5.
Proc Natl Acad Sci U S A ; 118(43)2021 10 26.
Article in English | MEDLINE | ID: covidwho-1481965

ABSTRACT

Self-amplifying RNA replicons are promising platforms for vaccine generation. Their defects in one or more essential functions for viral replication, particle assembly, or dissemination make them highly safe as vaccines. We previously showed that the deletion of the envelope (E) gene from the Middle East respiratory syndrome coronavirus (MERS-CoV) produces a replication-competent propagation-defective RNA replicon (MERS-CoV-ΔE). Evaluation of this replicon in mice expressing human dipeptidyl peptidase 4, the virus receptor, showed that the single deletion of the E gene generated an attenuated mutant. The combined deletion of the E gene with accessory open reading frames (ORFs) 3, 4a, 4b, and 5 resulted in a highly attenuated propagation-defective RNA replicon (MERS-CoV-Δ[3,4a,4b,5,E]). This RNA replicon induced sterilizing immunity in mice after challenge with a lethal dose of a virulent MERS-CoV, as no histopathological damage or infectious virus was detected in the lungs of challenged mice. The four mutants lacking the E gene were genetically stable, did not recombine with the E gene provided in trans during their passage in cell culture, and showed a propagation-defective phenotype in vivo. In addition, immunization with MERS-CoV-Δ[3,4a,4b,5,E] induced significant levels of neutralizing antibodies, indicating that MERS-CoV RNA replicons are highly safe and promising vaccine candidates.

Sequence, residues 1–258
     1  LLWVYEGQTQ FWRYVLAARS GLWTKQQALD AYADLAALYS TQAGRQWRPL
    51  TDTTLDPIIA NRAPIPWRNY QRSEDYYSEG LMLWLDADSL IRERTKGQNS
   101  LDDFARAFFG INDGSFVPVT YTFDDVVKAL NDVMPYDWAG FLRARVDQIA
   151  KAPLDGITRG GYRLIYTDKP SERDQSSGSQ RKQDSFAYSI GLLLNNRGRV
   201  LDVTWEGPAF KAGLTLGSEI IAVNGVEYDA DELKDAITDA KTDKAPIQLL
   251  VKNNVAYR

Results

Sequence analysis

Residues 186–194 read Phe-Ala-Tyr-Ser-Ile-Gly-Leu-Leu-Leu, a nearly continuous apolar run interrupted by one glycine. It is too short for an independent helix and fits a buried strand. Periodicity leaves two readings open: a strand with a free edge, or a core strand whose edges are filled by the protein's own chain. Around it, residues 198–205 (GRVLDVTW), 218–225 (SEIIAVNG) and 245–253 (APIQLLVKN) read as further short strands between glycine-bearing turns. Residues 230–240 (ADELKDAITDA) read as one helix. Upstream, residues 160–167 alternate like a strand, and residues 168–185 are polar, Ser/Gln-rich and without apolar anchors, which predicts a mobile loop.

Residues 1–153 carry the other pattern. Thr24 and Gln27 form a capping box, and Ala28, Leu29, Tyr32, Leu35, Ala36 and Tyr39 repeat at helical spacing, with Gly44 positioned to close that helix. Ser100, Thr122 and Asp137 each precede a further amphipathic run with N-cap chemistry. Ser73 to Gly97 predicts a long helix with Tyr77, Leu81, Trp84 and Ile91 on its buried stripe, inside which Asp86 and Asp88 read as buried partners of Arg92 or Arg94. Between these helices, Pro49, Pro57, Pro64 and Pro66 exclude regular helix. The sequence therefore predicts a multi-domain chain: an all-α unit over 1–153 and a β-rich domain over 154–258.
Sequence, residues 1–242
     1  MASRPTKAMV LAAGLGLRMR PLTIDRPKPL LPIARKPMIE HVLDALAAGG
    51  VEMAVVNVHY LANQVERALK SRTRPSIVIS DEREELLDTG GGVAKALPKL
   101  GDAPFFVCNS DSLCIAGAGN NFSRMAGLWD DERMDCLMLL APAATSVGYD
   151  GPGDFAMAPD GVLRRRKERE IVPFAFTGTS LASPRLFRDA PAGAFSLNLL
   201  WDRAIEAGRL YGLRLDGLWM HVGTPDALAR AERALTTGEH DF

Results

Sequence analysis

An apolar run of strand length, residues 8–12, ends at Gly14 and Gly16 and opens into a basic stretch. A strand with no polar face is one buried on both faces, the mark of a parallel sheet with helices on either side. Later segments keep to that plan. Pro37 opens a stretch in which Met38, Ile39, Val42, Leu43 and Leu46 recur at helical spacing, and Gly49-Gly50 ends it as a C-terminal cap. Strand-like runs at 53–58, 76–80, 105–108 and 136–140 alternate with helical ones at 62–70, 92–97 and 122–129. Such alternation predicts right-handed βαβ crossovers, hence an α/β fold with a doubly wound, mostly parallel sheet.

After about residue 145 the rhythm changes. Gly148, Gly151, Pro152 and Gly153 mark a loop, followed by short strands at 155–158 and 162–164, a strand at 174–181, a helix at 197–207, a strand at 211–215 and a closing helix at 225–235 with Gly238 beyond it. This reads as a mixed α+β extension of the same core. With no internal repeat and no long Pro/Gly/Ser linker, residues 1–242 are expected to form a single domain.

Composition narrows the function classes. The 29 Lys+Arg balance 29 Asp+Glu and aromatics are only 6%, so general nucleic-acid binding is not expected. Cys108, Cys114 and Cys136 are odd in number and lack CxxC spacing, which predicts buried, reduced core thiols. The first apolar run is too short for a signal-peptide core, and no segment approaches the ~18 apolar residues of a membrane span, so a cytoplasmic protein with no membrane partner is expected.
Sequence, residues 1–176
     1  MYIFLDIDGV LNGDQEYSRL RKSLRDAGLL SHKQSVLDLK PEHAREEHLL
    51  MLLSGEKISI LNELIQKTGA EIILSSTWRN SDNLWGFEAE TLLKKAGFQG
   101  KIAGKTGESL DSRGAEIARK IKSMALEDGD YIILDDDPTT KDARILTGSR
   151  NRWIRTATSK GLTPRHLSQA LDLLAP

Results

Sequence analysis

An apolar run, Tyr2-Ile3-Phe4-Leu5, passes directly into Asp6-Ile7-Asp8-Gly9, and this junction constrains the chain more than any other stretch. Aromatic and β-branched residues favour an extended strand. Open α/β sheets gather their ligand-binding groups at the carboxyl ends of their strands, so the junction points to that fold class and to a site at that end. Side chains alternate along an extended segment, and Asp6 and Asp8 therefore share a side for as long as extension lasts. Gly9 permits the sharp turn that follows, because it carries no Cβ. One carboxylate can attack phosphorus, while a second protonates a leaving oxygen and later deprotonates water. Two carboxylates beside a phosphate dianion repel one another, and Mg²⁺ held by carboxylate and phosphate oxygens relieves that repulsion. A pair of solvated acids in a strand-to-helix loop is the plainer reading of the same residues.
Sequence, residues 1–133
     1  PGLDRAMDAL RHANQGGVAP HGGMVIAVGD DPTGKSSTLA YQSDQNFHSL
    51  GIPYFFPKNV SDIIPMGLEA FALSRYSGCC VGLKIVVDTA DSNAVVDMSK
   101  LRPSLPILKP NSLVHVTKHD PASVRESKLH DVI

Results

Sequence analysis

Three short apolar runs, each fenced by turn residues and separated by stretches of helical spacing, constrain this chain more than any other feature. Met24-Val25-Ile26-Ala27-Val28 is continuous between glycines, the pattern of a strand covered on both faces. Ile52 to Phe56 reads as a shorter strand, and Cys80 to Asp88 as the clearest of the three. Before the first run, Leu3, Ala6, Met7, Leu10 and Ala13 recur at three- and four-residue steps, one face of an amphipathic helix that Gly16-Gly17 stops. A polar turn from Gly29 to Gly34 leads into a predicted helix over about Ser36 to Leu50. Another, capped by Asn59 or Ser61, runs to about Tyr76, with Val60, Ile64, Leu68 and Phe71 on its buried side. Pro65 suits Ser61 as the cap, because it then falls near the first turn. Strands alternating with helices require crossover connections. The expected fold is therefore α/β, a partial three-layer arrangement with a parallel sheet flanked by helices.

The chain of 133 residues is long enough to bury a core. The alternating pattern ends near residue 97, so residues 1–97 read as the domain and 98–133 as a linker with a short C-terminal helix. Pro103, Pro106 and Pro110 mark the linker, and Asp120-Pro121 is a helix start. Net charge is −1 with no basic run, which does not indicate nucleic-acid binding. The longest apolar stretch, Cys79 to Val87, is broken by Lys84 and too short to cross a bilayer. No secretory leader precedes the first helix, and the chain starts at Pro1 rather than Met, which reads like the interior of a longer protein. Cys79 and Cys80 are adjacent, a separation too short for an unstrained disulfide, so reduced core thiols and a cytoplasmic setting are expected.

Subject(s)
Coronavirus Infections/prevention & control , Middle East Respiratory Syndrome Coronavirus/genetics , Middle East Respiratory Syndrome Coronavirus/immunology , RNA, Viral/administration & dosage , Replicon , Viral Vaccines/administration & dosage , Animals , Antibodies, Neutralizing/biosynthesis , Antibodies, Viral/biosynthesis , Coronavirus Infections/genetics , Coronavirus Infections/immunology , Coronavirus Infections/virology , Defective Viruses/genetics , Defective Viruses/immunology , Female , Gene Deletion , Genes, env , Humans , Mice , Mice, Inbred C57BL , Mice, Transgenic , Middle East Respiratory Syndrome Coronavirus/pathogenicity , RNA, Viral/genetics , RNA, Viral/immunology , Vaccines, DNA , Vaccines, Virus-Like Particle/administration & dosage , Vaccines, Virus-Like Particle/genetics , Vaccines, Virus-Like Particle/immunology , Viral Vaccines/genetics , Viral Vaccines/immunology , Virulence/genetics , Virulence/immunology
6.
Curr Top Med Chem ; 21(14): 1235-1250, 2021 Oct 05.
Article in English | MEDLINE | ID: covidwho-1441869

ABSTRACT